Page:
I’ve got to be there before the trailers. In truth, it’s only since the advent of reserved seating that I’ve been OK with getting there once the adverts start. Need to get a seat on the end of a row, preferably with no-one in front. Really, I’d like the screen to be completely empty but that’s only happened once that I can remember (2005, Kiss Kiss Bang Bang at 11am on a Tuesday). Bag of Minstrels that will not be opened until the film starts, bottle of coke all tucked away in the inside pocket of my coat.
That’s my cinema experience. I guess we all have our rituals.
It all began when I was… actually I don’t really remember. All I can do is guess. It might be Octopussy in 1983.
That would make me 7 years old. I must have been to the cinema before that. I remember seeing Raiders of the Lost Ark but I was only 5 when it came out so I could be mistaken. It might have been a re-release. It’s probably one of those, or something else.
My brother used to take me to the cinema every Saturday. I have no memory of this but he tells me that Dad used to drop the two of us off in the centre of Newcastle and he would take me to the ‘pictures’. I was 5, I think, which would make him 10.
My obsession probably began when I was old enough to go on my own. The first time was Back to the Future Part 2 in 1989.
That was at the Odeon in Pilgrim Street, Newcastle (a cinema that is sadly no longer in existence). That’s when I started saving my tickets. That’s also when I started ‘The Book.”
The book was a small, school exercise book that I covered and ruled columns into. There was a column for the date, the title, a star rating out of 5 and any comments. I so badly wish I had that book today. I kept all the ticket stubs and they too are lost. I went every week, using the money from my Sunday paper-round to pay my entry. It would either be the Jesmond cinema, though not as much as I got older as they only showed one film at a time, the Odeon, if I was feeling cultured the Tyneside cinema, or more often than not either of the two available multiplex cinemas at Manors or the Metro Centre. Back then it cost about £2 to get in. Once you were in at Manors, if you timed it right, you could hop from screen to screen and see a few films in a day. It just required a thorough look in the newspaper listings. I never did this, I hope you understand! I just heard of other people with less scruples than myself doing it. Manors also had a great arcade where I burned a few pounds playing Narc in between films.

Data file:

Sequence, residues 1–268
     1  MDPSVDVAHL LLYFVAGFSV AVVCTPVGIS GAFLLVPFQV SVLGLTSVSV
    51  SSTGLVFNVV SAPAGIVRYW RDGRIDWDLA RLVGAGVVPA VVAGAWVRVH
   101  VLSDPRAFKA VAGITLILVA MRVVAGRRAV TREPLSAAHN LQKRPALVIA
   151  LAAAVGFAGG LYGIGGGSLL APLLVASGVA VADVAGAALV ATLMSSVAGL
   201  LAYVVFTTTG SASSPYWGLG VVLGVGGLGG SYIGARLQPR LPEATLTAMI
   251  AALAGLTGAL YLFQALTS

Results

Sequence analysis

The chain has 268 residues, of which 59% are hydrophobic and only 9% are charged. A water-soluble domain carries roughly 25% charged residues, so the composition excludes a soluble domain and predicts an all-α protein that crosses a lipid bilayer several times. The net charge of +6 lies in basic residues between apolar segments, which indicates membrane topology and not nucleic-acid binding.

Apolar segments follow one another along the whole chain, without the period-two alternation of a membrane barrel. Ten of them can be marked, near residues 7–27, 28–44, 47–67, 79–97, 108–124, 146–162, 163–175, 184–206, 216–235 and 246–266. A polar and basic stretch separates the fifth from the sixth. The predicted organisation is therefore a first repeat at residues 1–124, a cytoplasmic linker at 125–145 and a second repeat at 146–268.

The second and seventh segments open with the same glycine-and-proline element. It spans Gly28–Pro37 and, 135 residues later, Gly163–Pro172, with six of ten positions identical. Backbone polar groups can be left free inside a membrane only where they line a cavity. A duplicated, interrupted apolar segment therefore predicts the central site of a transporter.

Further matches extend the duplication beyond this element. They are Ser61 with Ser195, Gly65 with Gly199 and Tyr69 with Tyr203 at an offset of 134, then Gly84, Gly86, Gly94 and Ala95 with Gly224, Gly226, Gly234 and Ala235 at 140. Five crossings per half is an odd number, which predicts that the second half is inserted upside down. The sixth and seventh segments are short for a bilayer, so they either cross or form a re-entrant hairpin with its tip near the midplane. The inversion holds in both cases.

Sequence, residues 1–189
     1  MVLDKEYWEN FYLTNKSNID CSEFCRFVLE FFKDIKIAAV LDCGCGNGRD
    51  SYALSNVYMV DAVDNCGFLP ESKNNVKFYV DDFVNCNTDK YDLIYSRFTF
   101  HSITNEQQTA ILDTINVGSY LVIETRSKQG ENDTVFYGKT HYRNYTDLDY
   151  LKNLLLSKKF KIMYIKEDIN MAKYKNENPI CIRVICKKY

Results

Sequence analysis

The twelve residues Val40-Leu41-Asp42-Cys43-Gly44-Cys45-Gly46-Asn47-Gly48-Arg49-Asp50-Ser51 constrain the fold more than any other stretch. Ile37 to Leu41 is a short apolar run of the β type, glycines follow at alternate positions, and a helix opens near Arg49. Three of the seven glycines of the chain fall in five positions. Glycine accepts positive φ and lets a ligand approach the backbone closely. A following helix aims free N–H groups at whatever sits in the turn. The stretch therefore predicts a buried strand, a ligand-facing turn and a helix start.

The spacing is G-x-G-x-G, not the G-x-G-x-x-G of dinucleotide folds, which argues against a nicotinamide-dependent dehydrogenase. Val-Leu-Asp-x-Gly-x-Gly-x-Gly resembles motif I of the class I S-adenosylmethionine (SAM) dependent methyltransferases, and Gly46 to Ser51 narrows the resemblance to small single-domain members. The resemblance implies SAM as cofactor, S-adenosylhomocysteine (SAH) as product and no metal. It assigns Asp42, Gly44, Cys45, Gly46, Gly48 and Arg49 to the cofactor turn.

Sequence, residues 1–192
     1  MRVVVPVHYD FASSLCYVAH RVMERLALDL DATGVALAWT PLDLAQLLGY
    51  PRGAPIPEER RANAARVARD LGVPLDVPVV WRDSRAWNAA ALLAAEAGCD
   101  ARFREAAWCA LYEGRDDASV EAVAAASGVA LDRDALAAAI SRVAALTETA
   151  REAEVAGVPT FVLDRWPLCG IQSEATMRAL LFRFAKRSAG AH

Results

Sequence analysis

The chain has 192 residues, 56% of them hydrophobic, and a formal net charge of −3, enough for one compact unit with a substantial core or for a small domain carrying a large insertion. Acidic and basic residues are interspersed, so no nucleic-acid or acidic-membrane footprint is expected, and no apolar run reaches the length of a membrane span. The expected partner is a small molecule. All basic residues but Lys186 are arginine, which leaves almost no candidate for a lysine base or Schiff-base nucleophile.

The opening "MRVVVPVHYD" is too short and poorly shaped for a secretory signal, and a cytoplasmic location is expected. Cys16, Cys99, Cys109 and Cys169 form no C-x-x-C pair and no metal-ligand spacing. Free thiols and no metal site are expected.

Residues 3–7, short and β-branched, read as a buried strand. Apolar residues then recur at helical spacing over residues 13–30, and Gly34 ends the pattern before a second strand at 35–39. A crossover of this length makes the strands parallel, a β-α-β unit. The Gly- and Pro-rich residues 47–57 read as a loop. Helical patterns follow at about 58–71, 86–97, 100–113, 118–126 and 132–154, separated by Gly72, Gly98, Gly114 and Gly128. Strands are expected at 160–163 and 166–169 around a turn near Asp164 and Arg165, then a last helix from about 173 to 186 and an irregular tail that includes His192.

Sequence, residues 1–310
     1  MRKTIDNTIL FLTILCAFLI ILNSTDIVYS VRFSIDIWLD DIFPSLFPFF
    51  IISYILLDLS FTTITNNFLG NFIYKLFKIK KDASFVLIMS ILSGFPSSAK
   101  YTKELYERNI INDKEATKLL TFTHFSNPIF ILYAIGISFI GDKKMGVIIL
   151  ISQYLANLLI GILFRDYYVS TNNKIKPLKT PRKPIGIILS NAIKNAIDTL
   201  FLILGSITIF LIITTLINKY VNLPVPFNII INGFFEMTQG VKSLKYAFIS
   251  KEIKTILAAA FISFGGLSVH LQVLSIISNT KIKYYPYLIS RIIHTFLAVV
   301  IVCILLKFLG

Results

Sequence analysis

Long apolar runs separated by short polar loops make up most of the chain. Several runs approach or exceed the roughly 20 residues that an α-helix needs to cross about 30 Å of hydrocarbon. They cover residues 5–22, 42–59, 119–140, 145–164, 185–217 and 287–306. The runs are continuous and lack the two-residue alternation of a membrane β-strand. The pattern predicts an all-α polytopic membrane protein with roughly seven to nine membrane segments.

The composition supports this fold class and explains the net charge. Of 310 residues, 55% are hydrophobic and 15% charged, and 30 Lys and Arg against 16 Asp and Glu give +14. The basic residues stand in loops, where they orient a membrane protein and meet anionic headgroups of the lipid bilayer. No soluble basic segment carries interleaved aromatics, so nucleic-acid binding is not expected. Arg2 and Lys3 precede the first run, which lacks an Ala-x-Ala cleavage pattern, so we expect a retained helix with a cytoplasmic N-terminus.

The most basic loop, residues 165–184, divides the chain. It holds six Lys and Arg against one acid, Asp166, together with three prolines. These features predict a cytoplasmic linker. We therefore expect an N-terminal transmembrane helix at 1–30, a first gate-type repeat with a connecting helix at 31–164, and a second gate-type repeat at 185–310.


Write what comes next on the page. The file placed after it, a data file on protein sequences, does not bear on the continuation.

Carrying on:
The next bit wasn’t me either. It was a friend. His name was Fred. Fred was a big fan of Schwarzenegger around this time. His Mum and Dad had let him watch most of his films (the ones they hadn’t let him, he’d watched anyway) and he really wanted to see Total Recall (Certificate: 18) when it came out.
This was 1990 and Fred was a very young-looking 14. Fred was also pretty resourceful, however, so one morning in the half term holidays, he thought he’d chance his luck down at the multiplex. Better get dressed up, thought Fred. A shirt and tie will make it look like you’ve just come from work; just nipped out in the middle of your shift to see a film. That’s what adults do, right. He borrowed a tie from his dad’s drawer, stuck it on over one of his school shirts, pulled on some smart trousers and off he went. Oh wait, one more thing. The finishing touch, the apple in the pig’s mouth… a tie clip. That’ll seal the deal, he thought. Fred approached the ticket counter with great trepidation. This was do or die. He would require absolute confidence if he was going to sell his barely pubescent, hairless face and rake-like body as that of an 18 year old.